Brucellosis of wild animals
Study of prevalence of brucellosis among wild animals and their role in the epidemiological process in the neighboring territories of the Kyrgyz Republic and Republic of Kazakhstan
Tech Area / Field
- ENV-EHS/Environmental Health and Safety/Environment
3 Approved without Funding
Kazakh Scientific Center for Quarantine and Zoonotic Diseases, Kazakstan, Almaty
- Kyrgyz Agrarian University, Kyrgyzstan, Bishkek\nKazakh Scientific-Research Veterinaty Institute, Kazakstan, Almaty\nRepublican Center of Quarantine and Especially Dangerous Infections, Kyrgyzstan, Bishkek
- LSU AgCenter, USA, LA, Baton Rouge\nWalter Reed Army Institute of Research / Walter Reed Army Medical Center, USA, Washington DC\nUniversity of Florida, USA, FL, Gainesville
Project summaryBrucellosis belongs to the most widespread and dangerous diseases of animals and humans. The complexity of the problem presented by this infection is caused by a number of biological features of the causative agent of this disease, and the possibility of formation in the natural centers where wild animals are carriers of different Brucella types. The existence
of a wide range of natural carriers (mammals, birds, pincers and insects), the long persistence of a specific variety of the causative agent in the infected organism, and its high stability in the environment all testify to the urgency of this problem.
It is possible to judge further expansion of the range of the causative agent ecology through identification of new Brucella types carried by marine mammals (cetaceans, pinnipeds) and also by some types of rodents. In addition, there are reports of human infection with brucellosis from wild animals.
In Kyrgyzstan and Kazakhstan, brucellosis distribution occurs between people and animals. The highest incidence of people with this infection among the Post-Soviet states is found in Kyrgyzstan, where 3-4 thousand people annually fall ill with a severe form of brucellosis.
A very severe situation with brucellosis is observed among farm animals in the northern and south-eastern regions of the country, where the disadvantaged foci are mainly concentrated. Infection occurs periodically in earlier revitalized points. Therefore, the issues of formation of epizootic foci in isolated regions, repeated outbreaks of brucellosis in the recovered from the disease farms, and the enzootic nature of disease manifestations, requires attention and study.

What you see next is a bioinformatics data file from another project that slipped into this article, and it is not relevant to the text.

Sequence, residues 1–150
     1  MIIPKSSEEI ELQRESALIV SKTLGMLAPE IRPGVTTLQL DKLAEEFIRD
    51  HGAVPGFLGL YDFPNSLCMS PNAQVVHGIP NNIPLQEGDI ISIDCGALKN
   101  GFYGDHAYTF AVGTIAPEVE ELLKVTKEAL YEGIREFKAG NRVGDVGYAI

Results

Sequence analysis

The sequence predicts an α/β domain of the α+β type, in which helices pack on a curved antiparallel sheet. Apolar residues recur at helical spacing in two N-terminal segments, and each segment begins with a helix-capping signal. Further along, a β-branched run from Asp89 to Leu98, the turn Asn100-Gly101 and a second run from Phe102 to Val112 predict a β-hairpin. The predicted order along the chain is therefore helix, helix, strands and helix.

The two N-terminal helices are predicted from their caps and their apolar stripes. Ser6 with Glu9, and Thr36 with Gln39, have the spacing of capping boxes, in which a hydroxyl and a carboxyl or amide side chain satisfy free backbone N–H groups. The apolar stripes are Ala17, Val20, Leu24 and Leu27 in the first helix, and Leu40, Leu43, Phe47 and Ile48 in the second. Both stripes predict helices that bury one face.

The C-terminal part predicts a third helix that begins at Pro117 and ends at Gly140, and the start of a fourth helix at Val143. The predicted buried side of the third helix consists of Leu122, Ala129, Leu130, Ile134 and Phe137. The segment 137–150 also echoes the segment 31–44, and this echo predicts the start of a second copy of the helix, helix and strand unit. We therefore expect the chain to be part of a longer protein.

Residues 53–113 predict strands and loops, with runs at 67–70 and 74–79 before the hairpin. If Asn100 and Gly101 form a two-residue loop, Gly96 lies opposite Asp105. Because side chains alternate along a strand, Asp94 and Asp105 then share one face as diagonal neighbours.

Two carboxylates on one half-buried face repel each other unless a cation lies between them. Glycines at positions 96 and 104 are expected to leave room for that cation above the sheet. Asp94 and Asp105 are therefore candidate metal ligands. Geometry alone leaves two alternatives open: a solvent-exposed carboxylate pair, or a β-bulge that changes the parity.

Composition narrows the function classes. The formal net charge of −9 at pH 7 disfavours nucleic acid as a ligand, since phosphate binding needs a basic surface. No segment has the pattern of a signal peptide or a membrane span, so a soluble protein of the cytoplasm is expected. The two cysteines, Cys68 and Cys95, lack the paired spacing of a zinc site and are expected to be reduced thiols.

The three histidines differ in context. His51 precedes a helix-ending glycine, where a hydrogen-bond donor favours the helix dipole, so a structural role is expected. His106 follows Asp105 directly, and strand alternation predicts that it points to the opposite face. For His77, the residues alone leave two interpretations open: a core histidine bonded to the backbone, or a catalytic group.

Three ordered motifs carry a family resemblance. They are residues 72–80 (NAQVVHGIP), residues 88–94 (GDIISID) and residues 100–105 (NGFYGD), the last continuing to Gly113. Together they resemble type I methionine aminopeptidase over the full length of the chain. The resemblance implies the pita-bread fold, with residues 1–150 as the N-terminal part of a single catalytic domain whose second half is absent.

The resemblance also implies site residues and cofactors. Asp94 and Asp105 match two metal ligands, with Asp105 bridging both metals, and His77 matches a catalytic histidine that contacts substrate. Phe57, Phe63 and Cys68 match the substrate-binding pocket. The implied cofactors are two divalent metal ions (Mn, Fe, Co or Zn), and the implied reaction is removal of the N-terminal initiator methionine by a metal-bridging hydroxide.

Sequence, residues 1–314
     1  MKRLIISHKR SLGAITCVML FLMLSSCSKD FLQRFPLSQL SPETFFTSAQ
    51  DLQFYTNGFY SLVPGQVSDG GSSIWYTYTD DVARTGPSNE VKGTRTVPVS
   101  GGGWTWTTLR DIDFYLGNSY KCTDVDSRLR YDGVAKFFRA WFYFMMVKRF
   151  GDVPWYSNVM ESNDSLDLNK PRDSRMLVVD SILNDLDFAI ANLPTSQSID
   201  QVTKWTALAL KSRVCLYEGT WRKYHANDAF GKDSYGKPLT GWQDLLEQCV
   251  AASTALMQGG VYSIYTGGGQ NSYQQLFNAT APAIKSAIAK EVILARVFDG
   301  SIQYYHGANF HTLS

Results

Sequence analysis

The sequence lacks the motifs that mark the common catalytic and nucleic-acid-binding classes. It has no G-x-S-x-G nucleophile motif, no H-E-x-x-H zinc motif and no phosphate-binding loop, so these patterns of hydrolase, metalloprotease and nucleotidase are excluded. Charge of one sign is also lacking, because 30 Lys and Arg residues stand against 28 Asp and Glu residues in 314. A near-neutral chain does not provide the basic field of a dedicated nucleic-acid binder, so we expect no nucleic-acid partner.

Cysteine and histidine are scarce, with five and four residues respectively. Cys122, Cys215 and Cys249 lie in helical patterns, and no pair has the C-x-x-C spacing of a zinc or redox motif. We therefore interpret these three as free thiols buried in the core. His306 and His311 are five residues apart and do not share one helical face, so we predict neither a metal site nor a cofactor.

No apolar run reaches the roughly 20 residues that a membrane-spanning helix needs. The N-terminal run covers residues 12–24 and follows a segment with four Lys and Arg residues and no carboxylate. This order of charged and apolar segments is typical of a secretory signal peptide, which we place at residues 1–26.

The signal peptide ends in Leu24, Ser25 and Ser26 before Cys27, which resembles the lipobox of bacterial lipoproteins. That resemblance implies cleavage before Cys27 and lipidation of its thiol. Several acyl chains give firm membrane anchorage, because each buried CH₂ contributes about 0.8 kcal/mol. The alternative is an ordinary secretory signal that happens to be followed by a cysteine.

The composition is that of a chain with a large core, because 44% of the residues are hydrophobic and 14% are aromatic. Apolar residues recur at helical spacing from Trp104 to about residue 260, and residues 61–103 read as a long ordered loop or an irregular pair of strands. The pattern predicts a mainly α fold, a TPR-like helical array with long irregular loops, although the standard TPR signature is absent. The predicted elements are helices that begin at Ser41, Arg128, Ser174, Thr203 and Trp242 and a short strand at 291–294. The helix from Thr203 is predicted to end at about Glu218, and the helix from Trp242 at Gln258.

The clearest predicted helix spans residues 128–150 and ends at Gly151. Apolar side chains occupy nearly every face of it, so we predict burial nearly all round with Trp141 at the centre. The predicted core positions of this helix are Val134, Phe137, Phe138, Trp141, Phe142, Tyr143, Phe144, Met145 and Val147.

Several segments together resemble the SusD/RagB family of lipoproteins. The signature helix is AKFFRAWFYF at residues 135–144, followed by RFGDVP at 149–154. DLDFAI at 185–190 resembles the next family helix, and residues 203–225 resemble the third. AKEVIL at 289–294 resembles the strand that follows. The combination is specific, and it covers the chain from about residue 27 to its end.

There are assumptions about the impact of the carriers of bacteria by wild animals in the repeated outbreaks of infection. Kyrgyz and Kazakh scientists confirmed that a large number of different kinds of wild animals (ungulates, carnivores, lagomorphs, rodents, etc.) are carriers of brucellosis in nature. There is evidence of susceptibility to brucellosis in over 60 species of vertebrates, and many species are able to maintain the agent of brucellosis for two years or more in their organism without the agent losing virulence.
However, in the study of brucellosis in wildlife, little attention has been paid to Brucella species composition and appliance of a certain biovars, identification and definition of the dissociated forms of Brucella, and the wild isolates’ ability to spread infection.
Project purpose: To study the role of wild animals in brucellosis distribution, and to define the specific structure of Brucella in the wild and its epidemiological value.
In order to achieve the Project’s purpose, the following tasks are planned:
1. Research of wild animals in disadvantaged foci on brucellosis in agricultural animals;
2. Isolation and identification of Brucella in wild fauna;
3. Study of the molecular-biological characteristics of allocated isolates;
4. Define the epidemiological Brucella value circulating among wild animals in the border territories
of Kyrgyzstan and Kazakhstan;
5. Carry out an analysis of brucellosis distribution among the population in disadvantaged foci;
6. Create a map of the spread of brucellosis incidence among wild animals and people using a GIS system;
Development of recommendations for brucellosis prevention.